If we are serious about our music, our progress with our repertoire and our technical and artistic development, we need to establish good and regular practising habits, as regular as cleaning one’s teeth. No one, not even professional musicians at the top of their game, is born with an innate talent which negates the need… Continue reading Feeding the practise habit
Some years ago I belonged to a gym. I went regularly - 3 or 4 times a week - and followed the same sequence of exercises every time: rowing, cycling, cross-trainer, weight-training. After a while, it occurred to me that my fitness wasn't really improving as I was just “going through the motions”, following the… Continue reading Breaking the routine
Practice should reflect age and level. Five to ten minutes of practice at a time for a very young beginner is usually good. For those starting out regardless of age, five to ten minutes per day, moving to two sessions per day of that duration, is recommended to gradually build both concentration and engagement.
Guest post by Phil Best The great piano composers were all fluent improvisers. Bach, Mozart, Chopin and so many others are reported to have improvised to audiences regularly. Beethoven’s improvisation duel against Daniel Steibelt, which he won to become the most lauded improviser in Vienna, proves this point whilst it also demonstrates how many virtuoso… Continue reading What happened to improvisation in classical piano music?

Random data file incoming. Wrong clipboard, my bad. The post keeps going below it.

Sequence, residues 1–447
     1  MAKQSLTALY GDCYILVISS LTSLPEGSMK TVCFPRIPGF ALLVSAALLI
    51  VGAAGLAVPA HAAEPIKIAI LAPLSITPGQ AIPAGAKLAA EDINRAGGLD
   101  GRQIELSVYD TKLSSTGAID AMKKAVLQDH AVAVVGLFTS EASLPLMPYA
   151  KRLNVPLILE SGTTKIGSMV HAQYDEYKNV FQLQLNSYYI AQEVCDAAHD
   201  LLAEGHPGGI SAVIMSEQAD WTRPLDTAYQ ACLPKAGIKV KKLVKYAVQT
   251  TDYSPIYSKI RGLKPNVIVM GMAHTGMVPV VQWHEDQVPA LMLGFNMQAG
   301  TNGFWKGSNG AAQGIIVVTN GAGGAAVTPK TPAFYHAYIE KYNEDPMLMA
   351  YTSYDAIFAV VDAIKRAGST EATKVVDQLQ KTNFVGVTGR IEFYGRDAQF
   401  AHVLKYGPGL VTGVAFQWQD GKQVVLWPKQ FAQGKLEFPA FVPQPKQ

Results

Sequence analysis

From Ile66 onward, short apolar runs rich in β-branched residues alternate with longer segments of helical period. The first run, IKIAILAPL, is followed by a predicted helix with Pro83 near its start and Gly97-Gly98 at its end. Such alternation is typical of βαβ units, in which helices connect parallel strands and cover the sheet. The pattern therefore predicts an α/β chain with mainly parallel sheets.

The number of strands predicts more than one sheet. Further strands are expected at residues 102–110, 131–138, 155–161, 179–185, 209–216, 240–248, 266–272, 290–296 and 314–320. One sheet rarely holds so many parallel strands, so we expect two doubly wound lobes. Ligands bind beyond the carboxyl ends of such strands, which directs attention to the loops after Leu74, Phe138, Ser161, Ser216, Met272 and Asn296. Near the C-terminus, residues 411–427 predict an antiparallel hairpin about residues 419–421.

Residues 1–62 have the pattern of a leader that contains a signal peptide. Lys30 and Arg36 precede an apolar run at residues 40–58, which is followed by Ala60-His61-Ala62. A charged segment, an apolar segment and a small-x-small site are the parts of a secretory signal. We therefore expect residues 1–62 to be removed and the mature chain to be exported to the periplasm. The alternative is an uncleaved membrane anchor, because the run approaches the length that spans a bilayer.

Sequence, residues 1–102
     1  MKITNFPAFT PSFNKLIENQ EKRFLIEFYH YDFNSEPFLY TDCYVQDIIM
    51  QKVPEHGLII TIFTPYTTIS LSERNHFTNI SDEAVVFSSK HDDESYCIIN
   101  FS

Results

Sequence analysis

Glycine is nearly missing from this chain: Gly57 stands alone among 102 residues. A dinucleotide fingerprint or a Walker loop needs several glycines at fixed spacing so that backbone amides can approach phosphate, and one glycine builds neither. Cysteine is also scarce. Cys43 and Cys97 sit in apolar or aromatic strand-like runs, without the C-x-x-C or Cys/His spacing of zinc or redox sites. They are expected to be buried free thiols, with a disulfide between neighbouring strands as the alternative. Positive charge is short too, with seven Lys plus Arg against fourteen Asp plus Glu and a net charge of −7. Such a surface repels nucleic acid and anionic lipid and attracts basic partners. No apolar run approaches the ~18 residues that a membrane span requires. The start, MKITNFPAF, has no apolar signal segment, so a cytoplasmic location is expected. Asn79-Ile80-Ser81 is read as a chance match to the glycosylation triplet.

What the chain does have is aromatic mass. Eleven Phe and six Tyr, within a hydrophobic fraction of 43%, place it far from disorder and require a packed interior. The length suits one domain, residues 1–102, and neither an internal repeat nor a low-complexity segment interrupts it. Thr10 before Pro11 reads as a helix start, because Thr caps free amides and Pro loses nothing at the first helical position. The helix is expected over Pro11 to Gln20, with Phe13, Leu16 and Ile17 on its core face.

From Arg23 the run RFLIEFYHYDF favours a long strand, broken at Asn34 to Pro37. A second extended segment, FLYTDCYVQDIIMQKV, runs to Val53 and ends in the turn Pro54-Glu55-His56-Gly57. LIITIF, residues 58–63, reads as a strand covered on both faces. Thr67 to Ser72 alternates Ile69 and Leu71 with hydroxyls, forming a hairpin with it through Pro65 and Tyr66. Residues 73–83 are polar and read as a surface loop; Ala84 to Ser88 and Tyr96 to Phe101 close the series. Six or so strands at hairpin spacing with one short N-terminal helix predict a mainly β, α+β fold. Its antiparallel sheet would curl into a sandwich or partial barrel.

The European Piano Teachers' Association (EPTA) has announced the launch of a new piano teachers' course as part of its 40th-anniversary celebrations in 2019. The course, headed by Murray McLachlan, Chair of EPTA and head of keyboard at Chethams School in Manchester, takes place over 6 separate CPD training days in 2019 and will cover… Continue reading EPTA launches a new piano teachers’ course
Those of us who teach and play ourselves understand that music requires commitment in the form of consistent, focused practising. This does not mean a snatched half-hour here or there or a blitz the night before the weekly piano lesson, but regular engagement with the instrument and its literature (at least 5 days out of… Continue reading The power of “yet”
Technique lies at the foundation of piano playing, and good technique can serve the beginner student right through to advanced level.
Written in the present tense with all the breathless stream of consciousness of a bright, excitable 10 year old girl, Joanna and the Piano is part time-travelling fantasy, part comment on modern family life. When her father is made redundant, Joanna is forced to leave the city home and friends she loves to start a… Continue reading Joanna and the Piano – Gavin Thomson
Guest post by Barbara Kennedy When I made the switch to piano teaching, following a career in administration, one of the biggest surprises was that I missed the face-to-face interaction with colleagues. I had not anticipated just how isolating piano teaching could be. I now see around 35 students (and families) a week and I… Continue reading Introducing ‘Piano Teachers’ Hour’ on Twitter
With this new syllabus, the ABRSM has sought to remain true to its core strength of offering a syllabus which combines rigour with a selection of music to appeal to a wide range of students around the world